Background The recent merge of the maternity services of Wycombe General Hospital and Stoke Mandeville Hospital resulted in the formation of two midwifery-led centres in addition to a delivery suite (DS) where there is 24 h obstetric cover. The free standing birthing centre in Wycombe (WBC) is 16 miles away from the DS, whereas Aylesbury Birth Centre (ABC) is on the same site.
Study Objective A retrospective analysis of intrapartum transfers from both birth centres to the DS in their first 3 months of opening (October–December 2009). Aspects analysed were number, reason for and outcome of transfers.
Results and Discussion A significantly higher number of patients were transferred from ABC to DS when compared to those from WBC (70 vs 16). For both sites, the majority were primiparous (~80%). The main reasons for transfer were similar in both sites: requests for epidural, meconium-stained liquor and failure to progress in second stage. However, the percentage transferred due to requests for pain relief was more than double from ABC (37% vs 17%). The authors postulate that this difference may be due to the close proximity of ABC to DS, with therefore easier access to anaesthetic services. Other reasons for transfer included requirement for augmentation, audible decelerations of the fetal heart, undiagnosed breech, intrapartum haemorrhage and cord prolapse.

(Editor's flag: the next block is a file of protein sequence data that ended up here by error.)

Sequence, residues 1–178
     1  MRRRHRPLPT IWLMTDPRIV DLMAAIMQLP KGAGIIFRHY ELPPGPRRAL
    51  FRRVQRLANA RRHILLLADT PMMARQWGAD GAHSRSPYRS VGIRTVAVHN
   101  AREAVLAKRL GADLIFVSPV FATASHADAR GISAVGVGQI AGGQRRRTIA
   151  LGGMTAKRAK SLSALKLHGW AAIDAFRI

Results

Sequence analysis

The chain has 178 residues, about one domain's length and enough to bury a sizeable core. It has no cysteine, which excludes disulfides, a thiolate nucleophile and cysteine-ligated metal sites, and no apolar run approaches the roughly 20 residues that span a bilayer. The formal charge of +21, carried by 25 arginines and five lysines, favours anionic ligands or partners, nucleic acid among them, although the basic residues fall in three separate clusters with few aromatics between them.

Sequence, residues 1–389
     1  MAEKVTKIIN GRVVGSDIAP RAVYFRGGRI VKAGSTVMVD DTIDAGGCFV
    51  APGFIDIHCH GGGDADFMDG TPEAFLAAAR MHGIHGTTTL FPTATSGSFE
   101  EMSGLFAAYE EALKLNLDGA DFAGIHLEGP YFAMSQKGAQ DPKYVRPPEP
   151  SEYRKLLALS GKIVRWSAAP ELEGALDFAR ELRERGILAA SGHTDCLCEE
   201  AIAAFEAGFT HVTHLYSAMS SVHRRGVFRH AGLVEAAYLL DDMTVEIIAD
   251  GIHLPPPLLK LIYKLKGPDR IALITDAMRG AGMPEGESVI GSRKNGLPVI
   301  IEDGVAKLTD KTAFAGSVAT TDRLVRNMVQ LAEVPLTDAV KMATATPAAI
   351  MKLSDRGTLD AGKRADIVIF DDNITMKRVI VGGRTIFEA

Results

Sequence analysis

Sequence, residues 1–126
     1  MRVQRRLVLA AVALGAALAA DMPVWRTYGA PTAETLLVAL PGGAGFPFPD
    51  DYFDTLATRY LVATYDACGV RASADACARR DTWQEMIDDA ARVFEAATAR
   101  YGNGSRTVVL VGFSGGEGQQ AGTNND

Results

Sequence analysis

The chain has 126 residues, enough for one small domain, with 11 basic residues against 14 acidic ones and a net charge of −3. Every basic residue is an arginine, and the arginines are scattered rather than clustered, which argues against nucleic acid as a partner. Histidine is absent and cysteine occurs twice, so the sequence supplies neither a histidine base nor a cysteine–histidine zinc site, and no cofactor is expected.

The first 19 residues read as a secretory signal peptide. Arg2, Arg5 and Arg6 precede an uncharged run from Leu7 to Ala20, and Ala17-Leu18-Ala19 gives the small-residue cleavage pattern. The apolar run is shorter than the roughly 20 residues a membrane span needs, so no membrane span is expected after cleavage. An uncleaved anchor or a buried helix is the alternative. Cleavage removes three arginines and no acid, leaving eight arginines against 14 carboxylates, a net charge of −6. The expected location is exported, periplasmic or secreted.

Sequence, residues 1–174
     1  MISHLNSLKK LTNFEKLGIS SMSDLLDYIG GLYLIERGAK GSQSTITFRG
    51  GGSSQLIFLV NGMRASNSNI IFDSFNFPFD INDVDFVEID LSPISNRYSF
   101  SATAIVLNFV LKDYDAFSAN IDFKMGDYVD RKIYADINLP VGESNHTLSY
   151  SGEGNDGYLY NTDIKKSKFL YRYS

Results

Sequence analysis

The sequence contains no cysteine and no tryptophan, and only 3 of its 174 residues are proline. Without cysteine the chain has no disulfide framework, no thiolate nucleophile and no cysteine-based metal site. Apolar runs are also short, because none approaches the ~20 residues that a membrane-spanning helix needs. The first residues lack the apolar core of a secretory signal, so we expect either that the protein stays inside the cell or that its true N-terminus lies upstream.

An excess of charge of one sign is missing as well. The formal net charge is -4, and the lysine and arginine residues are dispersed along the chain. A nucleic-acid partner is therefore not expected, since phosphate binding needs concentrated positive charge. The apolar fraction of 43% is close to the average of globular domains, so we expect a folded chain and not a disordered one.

The outcome of transfers from both units were similar with 60% of transfers from ABC requiring intervention in the form of instrumental deliveries or Caesarean Sections compared to 67% from WBC.
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